TO THOMAS TURNER
Head-Quarters, Military Division of the Mississippi, In the Field, Goldsboro, N.C., March 25, 1865.
Commodore T. Turner U.S. Navy, Philadelphia Delancy Place 2006.
My Dear Friend,
I received you Kind letter of January 22. on Coming into this Port, after a two months land voyage. I was glad to hear from you, as it gives me the Chance of saying that I felt for Henry Turner a friendship as pure & perfect as I am capable of, and have received so many marks of his Esteem that the loss of his notice & friendship has been to me the Source of much pain. I fear he believes all the absurd stories people tell of me. I Know and believe I have bent less to the Storm of passion which has swept across our poor Country than any General of the Army. Still though I have repeatedly Sent parcels, or letters, or messages to your brother I have not received a word, scrap of paper or Kindly message to cheer me in my dark & Stormy Career. The Envelope to which you refer must have contained one of many papers or notes by which I have tried to Elicit a word or scrap of recognition.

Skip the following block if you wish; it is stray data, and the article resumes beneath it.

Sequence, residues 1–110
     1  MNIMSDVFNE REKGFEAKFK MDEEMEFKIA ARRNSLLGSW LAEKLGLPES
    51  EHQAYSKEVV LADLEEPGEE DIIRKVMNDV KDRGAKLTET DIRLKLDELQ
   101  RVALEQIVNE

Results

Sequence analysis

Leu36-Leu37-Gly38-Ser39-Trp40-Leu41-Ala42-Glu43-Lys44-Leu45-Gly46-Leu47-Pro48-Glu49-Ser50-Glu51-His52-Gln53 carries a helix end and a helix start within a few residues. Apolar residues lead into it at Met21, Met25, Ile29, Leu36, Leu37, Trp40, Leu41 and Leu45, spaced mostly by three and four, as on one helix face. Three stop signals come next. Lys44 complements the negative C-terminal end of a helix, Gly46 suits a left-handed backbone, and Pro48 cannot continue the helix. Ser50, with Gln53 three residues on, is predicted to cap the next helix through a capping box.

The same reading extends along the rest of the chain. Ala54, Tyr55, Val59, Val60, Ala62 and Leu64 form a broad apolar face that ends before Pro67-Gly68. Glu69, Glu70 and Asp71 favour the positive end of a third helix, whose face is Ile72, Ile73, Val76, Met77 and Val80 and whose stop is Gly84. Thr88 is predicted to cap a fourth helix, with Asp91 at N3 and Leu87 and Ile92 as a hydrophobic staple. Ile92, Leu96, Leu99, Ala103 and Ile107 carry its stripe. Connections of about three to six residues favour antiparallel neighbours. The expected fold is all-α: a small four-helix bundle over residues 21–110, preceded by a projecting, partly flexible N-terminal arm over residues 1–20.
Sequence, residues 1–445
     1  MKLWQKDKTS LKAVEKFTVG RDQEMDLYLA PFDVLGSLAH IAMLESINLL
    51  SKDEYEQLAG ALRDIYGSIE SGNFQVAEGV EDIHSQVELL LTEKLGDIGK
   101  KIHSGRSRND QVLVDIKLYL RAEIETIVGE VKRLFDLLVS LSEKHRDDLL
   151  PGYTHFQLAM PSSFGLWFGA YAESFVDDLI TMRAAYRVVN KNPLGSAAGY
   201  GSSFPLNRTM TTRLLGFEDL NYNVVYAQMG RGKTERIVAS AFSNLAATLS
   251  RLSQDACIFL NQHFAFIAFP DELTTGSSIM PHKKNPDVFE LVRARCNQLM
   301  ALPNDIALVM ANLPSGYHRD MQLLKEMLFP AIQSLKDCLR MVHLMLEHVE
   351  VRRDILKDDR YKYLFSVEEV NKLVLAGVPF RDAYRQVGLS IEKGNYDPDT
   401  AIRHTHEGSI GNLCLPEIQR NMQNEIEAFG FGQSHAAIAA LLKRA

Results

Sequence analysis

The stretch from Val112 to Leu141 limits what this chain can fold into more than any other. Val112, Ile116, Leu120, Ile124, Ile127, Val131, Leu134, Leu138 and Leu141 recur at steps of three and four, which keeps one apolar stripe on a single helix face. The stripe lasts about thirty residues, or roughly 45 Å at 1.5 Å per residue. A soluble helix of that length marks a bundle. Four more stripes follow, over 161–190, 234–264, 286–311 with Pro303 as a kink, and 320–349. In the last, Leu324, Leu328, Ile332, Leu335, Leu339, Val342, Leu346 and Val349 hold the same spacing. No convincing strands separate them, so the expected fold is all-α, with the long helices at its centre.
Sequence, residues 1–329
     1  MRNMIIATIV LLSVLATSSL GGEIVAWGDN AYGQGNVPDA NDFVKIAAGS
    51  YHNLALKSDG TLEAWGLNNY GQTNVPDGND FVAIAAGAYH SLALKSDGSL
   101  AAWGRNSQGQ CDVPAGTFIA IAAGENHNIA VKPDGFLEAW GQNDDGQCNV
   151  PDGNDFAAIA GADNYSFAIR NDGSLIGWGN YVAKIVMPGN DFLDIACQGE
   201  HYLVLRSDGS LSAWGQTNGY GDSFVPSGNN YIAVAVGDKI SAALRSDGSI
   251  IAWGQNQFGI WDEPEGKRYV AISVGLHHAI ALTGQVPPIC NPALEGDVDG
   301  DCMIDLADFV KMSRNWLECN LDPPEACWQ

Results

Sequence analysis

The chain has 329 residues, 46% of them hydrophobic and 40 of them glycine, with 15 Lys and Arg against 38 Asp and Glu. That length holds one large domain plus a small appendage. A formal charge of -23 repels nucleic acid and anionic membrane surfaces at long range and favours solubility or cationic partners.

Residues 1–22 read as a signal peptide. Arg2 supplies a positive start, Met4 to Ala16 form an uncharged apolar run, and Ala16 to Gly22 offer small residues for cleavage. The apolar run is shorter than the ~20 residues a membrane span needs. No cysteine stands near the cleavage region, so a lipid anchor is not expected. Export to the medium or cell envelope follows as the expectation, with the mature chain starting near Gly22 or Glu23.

I Know the bitter grief that Consumes his heart & that of Mrs. Turner at the fate of her two boys, but you Know that Jeff Davis and his nayminders are the murderers of the thousands of handsome, brave & manly youths who have swept to death by the war they Evoked for their mad, suicidal and ambitious ends. I wash my hands clean, and proclaim aloud that this day I am a better southern man, a truer friend to the People of the South, and will make more sacrifices than Jeff Davis, Robt. Lee, Joe Johnston or the other So Called Leaders who hunt down with hounds the young men of the South, to volunteer in their armies. This day many of the People of the South want Peace and Union, but their voice is silenced by the Clamors of the devils who have been carefully schooled in the belief that all is base and inferior that does not spring from Certain families south of the Potomac. But the day of vengeance is coming, and you will live to See Jeff Davis, Slidell, Benjamin, Magrath, Memminger & other villains “not of real American stock” who have played on the blind prejudices of the South for their aggrandizement. I say you will hear them Call on us to Shelter them from the storm they themselves have raised.
I feel the Same personal friendships as Ever—am not conscious of having done anything wonderful, further than to persevere in what I deemed the only way to Suppress mutiny & Sedition in our Grand Camp. I would like your brother Henry to Know that I feel uneasy at his long & seeming studied Silence. If I have offended him I would like to Know how & when. The greater the friendship the greater the jealousy.
Yours in haste,
W. T. Sherman, Major General